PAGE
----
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By Adam Zoll and Christine Benz | 04-17-2014 11:00 AM

Retirees: Run the Numbers on Munis

Even after solid year-to-date performance, munis still look attractive on a tax-adjusted basis for those in higher brackets. Plus: 401(k) fee recoveries and help for difficult planning conversations.

Adam Zoll: For Morningstar, I'm Adam Zoll, and welcome to The Retirement Radar. Many investors turned their backs on municipal bonds in 2013, but that may have been a mistake. Here to talk about these and other developments of interest to retirees is Christine Benz, Morningstar's director of personal finance.

Christine, thanks for being with us.

Christine Benz: Adam, it's great to be here.

Zoll: What has driven this rebound in muni bonds since these scares in 2013? We heard about Detroit; we heard about Puerto Rico. But where do things stand now?

Benz: One of the big drivers of muni bonds' relatively strong performance so far in 2014, Adam, has been the fact that we've seen interest-rate worries ebb away. A lot of municipal-bond issuance is long-term. That means that many of these bonds were pretty beaten down in 2013 because of interest-rate worries. They have come back nicely as interest-rate worries have abated.

We've seen really strong performance from certainly long-term muni-bond categories. We've also seen strong performance from some of the more credit-sensitive categories. We've got this category of high-yield muni funds that has returned about 6% so far this year, whereas the typical intermediate-term muni fund has returned about 3% this year, which is decent, too. So strong performance across the board, but especially with longer-duration and/or credit-sensitive bonds.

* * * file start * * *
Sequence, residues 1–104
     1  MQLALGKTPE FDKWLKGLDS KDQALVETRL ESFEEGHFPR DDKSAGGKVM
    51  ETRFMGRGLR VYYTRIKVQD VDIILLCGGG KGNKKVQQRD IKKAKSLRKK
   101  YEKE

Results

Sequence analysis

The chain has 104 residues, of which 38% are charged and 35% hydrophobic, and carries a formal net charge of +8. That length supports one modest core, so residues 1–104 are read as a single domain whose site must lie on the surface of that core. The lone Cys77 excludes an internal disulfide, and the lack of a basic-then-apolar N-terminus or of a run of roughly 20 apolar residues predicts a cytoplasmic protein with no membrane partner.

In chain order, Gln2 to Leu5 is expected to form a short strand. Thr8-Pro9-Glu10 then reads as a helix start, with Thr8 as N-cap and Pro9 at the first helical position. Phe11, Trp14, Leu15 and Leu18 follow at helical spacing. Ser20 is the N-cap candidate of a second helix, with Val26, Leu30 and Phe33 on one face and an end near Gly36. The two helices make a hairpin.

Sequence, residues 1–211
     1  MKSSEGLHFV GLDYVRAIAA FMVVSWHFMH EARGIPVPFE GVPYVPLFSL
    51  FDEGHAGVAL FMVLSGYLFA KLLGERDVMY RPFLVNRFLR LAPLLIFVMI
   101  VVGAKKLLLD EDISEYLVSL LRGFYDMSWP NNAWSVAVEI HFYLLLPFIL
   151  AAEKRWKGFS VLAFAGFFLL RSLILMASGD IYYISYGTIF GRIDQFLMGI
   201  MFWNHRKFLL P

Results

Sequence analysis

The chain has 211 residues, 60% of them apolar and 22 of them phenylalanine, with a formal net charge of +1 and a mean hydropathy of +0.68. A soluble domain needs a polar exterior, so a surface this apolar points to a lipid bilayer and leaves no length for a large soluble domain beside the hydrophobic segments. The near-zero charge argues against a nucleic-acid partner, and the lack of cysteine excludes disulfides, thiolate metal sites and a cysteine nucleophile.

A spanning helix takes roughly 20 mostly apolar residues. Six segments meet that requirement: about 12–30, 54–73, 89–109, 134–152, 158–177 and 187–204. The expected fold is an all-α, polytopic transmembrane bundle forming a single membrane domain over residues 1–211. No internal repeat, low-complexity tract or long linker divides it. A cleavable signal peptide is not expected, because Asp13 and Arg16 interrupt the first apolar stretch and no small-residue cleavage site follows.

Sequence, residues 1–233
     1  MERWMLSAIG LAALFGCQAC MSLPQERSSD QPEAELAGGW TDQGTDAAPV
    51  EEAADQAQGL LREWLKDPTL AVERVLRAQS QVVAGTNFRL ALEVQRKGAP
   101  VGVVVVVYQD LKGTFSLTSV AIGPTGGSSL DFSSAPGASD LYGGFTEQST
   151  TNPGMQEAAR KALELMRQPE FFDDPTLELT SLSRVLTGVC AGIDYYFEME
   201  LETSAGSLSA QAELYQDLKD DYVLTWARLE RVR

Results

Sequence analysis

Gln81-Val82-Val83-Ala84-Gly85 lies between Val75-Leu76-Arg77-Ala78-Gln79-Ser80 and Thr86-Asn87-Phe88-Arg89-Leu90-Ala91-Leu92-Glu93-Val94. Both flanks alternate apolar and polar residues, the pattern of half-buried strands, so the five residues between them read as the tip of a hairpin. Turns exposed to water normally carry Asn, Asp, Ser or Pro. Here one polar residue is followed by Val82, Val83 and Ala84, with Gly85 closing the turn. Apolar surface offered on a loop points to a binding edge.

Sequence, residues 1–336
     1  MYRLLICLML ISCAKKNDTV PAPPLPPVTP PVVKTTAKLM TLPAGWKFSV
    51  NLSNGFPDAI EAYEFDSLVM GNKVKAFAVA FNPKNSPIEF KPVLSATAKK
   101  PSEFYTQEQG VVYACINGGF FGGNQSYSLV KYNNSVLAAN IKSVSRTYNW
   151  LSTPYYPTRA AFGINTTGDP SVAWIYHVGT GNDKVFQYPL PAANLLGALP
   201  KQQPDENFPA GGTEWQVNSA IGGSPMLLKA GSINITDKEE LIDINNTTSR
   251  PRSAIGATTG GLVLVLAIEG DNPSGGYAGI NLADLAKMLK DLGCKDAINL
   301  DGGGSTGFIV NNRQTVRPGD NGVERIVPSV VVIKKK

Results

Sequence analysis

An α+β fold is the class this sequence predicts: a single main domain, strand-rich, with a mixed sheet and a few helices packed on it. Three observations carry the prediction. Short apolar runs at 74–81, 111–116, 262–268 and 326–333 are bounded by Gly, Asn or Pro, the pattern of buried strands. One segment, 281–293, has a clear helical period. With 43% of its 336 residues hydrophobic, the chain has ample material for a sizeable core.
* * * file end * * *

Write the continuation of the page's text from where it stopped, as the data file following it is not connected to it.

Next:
Zoll: For investors who still are interested in muni bonds, is it too late to get in on this, or are there still opportunities out there?

Benz: I think when you look at munis today, you're probably not seeing the screaming buys that were there at the end of 2013 and coming into 2014. But I do always urge investors to run the numbers; use Morningstar's bond calculator to look at the yields of a muni investment versus a taxable-bond investment.

I looked this morning, there are couple of funds that I like to compare with one another, one a taxable-bond fund, one of muni-bond fund. Right now if you're in the 25% tax bracket, it's roughly a wash in terms of where the yield advantage is. But if you're in the tax bracket above that level, or if you're well above that level, you will see a good bump up in your yield by investing in the muni fund versus the taxable fund.

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